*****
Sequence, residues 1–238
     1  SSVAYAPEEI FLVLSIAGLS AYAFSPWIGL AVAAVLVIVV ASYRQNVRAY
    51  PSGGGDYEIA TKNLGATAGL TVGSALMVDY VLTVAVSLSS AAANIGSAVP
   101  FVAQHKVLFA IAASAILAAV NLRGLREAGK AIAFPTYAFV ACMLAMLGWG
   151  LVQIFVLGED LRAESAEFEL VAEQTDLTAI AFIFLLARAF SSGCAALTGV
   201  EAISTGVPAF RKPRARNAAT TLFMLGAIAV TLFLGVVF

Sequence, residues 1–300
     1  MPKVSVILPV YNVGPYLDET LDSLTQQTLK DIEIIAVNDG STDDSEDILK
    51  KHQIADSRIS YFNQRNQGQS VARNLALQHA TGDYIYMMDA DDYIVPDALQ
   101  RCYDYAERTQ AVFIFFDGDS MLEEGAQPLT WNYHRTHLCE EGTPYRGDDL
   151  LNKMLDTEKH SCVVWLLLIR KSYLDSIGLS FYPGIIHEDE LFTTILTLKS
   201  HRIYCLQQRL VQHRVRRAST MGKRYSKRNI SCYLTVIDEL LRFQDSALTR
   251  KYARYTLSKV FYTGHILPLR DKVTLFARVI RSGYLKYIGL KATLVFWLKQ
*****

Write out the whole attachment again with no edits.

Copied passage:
Sequence, residues 1–238
     1  SSVAYAPEEI FLVLSIAGLS AYAFSPWIGL AVAAVLVIVV ASYRQNVRAY
    51  PSGGGDYEIA TKNLGATAGL TVGSALMVDY VLTVAVSLSS AAANIGSAVP
   101  FVAQHKVLFA IAASAILAAV NLRGLREAGK AIAFPTYAFV ACMLAMLGWG
   151  LVQIFVLGED LRAESAEFEL VAEQTDLTAI AFIFLLARAF SSGCAALTGV
   201  EAISTGVPAF RKPRARNAAT TLFMLGAIAV TLFLGVVF

Sequence, residues 1–300
     1  MPKVSVILPV YNVGPYLDET LDSLTQQTLK DIEIIAVNDG STDDSEDILK
    51  KHQIADSRIS YFNQRNQGQS VARNLALQHA TGDYIYMMDA DDYIVPDALQ
   101  RCYDYAERTQ AVFIFFDGDS MLEEGAQPLT WNYHRTHLCE EGTPYRGDDL
   151  LNKMLDTEKH SCVVWLLLIR KSYLDSIGLS FYPGIIHEDE LFTTILTLKS
   201  HRIYCLQQRL VQHRVRRAST MGKRYSKRNI SCYLTVIDEL LRFQDSALTR
   251  KYARYTLSKV FYTGHILPLR DKVTLFARVI RSGYLKYIGL KATLVFWLKQ